Democracy entails, first and foremost, the consent to be governed. For without such consent, the people are being held against their will by the force of the state. The Tamils are not willing to be ruled by a constitution which allows Sinhala Parliamentarians by a vote among themselves to decide the fate of the Tamils in the North and the East – especially at a time when these same parliamentarians are going through a Sinhala-Buddhist intolerant nationalistic resurgence. Least of all are the Tamils prepared to be ruled by an Army of occupation, which does not even speak the language of the people that it rules. Since we can no longer pretend to be a nation state, we can only hope to become a ‘state nation’ whereby we all agree to live harmoniously together within the boundaries created by the colonial power: for we all owe an equal love and loyalty to our common island home. After 70 years’ of independence, we have come to realize that national unity can only be achieved by constitutional change that involves a sharing of state power.
The first problem lies in the unitary constitution, which sits ill with the reality that Sri Lanka is really not one nation, but three. Despite a unitary constitution and territorial unification by the Army, Sri Lanka’s people have never been more divided. Unity will never be realized unless there is a sharing of power as well as protection for the minorities. These in turn will never be realized unless enshrined in a rigid constitution that cannot be overridden by the whims of a racial majority that can be whipped up at any time. Although the long ‘civil war’ could have been avoided if the Bandaranaike -Chelvanayakam or the Dudley-Chelvanayakam Pacts had been implemented, the usual objections to devolution or federalism still continue, based on the same political untruths – which it is time to address.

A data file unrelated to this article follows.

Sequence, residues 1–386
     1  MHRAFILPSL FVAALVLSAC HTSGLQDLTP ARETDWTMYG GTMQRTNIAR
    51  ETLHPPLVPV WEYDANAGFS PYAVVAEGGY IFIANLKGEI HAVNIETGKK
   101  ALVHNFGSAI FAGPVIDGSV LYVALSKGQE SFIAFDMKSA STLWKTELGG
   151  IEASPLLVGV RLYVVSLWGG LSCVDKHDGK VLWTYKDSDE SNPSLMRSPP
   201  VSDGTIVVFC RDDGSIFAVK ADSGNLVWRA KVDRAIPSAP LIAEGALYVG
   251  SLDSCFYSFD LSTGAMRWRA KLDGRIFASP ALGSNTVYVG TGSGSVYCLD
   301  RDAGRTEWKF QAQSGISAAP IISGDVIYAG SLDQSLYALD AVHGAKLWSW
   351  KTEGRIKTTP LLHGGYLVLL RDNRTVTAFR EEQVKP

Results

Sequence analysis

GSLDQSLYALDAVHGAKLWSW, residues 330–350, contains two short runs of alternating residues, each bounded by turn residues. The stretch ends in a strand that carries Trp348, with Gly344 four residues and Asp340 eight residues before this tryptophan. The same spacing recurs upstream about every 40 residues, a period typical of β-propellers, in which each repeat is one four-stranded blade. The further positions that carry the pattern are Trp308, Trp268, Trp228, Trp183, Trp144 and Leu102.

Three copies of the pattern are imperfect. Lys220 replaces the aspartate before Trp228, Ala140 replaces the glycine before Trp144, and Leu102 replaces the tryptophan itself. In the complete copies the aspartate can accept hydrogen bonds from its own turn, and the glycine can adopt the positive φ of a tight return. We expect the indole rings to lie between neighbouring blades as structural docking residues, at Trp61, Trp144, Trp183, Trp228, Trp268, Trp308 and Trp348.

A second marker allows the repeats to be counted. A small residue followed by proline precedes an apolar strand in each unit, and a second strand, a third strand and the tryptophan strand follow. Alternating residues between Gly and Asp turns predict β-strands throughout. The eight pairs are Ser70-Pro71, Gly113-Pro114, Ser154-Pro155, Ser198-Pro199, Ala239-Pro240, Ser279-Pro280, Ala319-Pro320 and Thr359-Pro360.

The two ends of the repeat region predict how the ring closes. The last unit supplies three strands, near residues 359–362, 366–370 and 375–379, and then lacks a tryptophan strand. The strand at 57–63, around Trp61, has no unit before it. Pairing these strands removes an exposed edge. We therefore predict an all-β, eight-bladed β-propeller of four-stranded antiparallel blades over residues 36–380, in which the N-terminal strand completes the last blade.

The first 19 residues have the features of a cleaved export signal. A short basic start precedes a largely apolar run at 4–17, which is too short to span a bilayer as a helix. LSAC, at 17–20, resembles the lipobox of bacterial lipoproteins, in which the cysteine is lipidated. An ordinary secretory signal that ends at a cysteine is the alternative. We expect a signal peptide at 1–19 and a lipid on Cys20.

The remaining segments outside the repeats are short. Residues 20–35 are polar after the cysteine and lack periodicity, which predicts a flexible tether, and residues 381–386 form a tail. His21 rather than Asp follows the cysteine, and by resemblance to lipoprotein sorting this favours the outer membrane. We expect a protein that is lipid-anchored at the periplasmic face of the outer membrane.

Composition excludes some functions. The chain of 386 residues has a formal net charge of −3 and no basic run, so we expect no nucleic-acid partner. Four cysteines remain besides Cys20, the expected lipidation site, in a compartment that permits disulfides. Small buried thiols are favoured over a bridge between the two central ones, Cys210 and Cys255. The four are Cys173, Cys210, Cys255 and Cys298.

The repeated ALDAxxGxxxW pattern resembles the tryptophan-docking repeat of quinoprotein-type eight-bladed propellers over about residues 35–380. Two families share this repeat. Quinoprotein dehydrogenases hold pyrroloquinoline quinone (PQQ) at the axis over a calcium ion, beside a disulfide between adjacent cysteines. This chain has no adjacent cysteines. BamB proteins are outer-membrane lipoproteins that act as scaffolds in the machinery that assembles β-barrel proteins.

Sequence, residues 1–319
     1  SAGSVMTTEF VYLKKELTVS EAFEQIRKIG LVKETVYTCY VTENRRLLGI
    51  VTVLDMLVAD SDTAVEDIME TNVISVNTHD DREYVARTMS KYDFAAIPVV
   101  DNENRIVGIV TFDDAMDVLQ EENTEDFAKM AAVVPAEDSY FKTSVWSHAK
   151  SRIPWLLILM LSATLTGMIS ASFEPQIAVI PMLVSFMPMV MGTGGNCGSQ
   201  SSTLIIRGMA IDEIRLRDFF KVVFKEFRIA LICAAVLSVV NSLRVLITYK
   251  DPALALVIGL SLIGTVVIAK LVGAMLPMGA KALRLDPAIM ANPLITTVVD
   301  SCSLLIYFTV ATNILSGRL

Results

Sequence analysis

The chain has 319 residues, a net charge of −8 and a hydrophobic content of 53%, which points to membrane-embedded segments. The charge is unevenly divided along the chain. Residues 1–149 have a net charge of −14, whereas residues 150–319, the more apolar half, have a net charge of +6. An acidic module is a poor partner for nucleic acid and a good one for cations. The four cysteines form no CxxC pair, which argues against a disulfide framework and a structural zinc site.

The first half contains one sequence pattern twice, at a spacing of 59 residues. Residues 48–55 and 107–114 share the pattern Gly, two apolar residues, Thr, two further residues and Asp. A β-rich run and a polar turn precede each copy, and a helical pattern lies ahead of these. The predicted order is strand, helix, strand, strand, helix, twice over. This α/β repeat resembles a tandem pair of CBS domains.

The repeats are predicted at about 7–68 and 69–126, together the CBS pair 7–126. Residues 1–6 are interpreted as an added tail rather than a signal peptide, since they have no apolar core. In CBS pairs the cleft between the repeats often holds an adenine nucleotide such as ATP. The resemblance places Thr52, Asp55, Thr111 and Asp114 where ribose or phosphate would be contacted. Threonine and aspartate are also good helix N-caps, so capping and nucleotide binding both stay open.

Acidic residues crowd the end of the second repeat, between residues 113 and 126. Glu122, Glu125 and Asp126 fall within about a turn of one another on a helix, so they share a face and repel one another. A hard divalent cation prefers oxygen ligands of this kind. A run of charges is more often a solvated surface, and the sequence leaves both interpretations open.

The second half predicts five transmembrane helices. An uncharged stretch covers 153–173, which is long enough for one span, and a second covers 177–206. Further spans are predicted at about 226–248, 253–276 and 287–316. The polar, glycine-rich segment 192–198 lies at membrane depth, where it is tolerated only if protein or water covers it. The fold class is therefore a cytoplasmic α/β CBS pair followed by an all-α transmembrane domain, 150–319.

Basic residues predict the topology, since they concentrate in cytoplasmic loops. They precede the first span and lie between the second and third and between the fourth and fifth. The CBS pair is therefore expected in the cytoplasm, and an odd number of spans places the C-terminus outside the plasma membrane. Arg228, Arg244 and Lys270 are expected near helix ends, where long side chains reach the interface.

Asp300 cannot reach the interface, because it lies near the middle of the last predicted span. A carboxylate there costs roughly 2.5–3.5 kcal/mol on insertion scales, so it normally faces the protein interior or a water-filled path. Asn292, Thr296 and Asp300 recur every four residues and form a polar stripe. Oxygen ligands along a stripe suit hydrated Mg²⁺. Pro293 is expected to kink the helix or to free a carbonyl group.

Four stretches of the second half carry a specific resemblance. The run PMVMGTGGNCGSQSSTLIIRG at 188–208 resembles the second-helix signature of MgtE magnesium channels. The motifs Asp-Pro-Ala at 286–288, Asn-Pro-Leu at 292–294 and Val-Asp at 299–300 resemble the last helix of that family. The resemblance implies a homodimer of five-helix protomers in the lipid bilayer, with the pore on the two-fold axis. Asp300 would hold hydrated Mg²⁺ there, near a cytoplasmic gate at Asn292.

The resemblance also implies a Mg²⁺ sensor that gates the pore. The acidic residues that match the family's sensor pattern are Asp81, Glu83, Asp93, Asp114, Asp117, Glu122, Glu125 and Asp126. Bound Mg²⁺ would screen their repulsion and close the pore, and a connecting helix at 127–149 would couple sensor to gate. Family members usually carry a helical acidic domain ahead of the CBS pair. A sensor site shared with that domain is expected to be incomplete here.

The first untruth is that federalism would ‘divide’ the country. Everyone knows, or should know, that federalism has always been used to unite a country instead of dividing it. Unity and unification have been the rationale for the federal constitutions of the USA, Russia, Canada and Australia. Federalism has also been utilized by small countries such as Switzerland (smaller in area and population than Sri Lanka) to unify a country with different languages and cultures. The Sinhalese and Tamils theoretically have more differences of race, language, religion and culture than either Switzerland or Canada. However, that is no reason why we cannot live harmoniously together in the same state. Ironically, it is only the unitary constitution that is dividing us.
A second argument has been that federalism infringes or negates the sovereignty of the state. This claim is absurd when it is well known that the two most powerful countries in the world, the USA and Russia, have not reduced their sovereignty by adopting federalism. Although this was well known, it is amazing how this has been fraudulently misrepresented to the Sinhala people.
Thirdly, a recent article in our newspapers provided statistics to show that the British left almost all of their colonies with unitary constitutions – and only a few with federal ones .This is no argument, since the British obviously preferred to rule their colonies with unitary, centralized power. As noted before, had we been a colony of the USA or under their control (as were many Latin American countries), we would have ‘inheirted’ a constitution that allowed regional autonomy or outright federalism. We have thus paid a bitter price for slavishly following the British constitutional model.
Since all the above facts are well known to Sinhala nationalists, we need to examine the real reasons for their opposition to federalism or other sharing of power. The first reason is that since the Sinhala parliamentarians have tasted all the powers and perks ensured to them by Parliamentary sovereignty under our British-type constitutions, they would obviously be loath to part with them. Secondly, it is well known that the real reason for their fear of federalism is that it could constitute a first step towards either an independent Tamil Eelam or a federation with the Tamils of India. The obvious answer is that it does not need federalism for the people of the north/east to seek to break away from the state – as seen by the Tamil Tigers’ revolt against a unitary state. Moreover, the state’s armed forces will always be able to block such secessionist movements (now that the armed forces number over 350,000), especially when backed by the armed force of other states, as seen in the defeat of the Tigers. Thus, the danger of a breakaway is the same, with or without federalism. The real danger of a breakaway comes not from federalism but from the actions of a communal majority that does not share power or give equal rights to its minorities.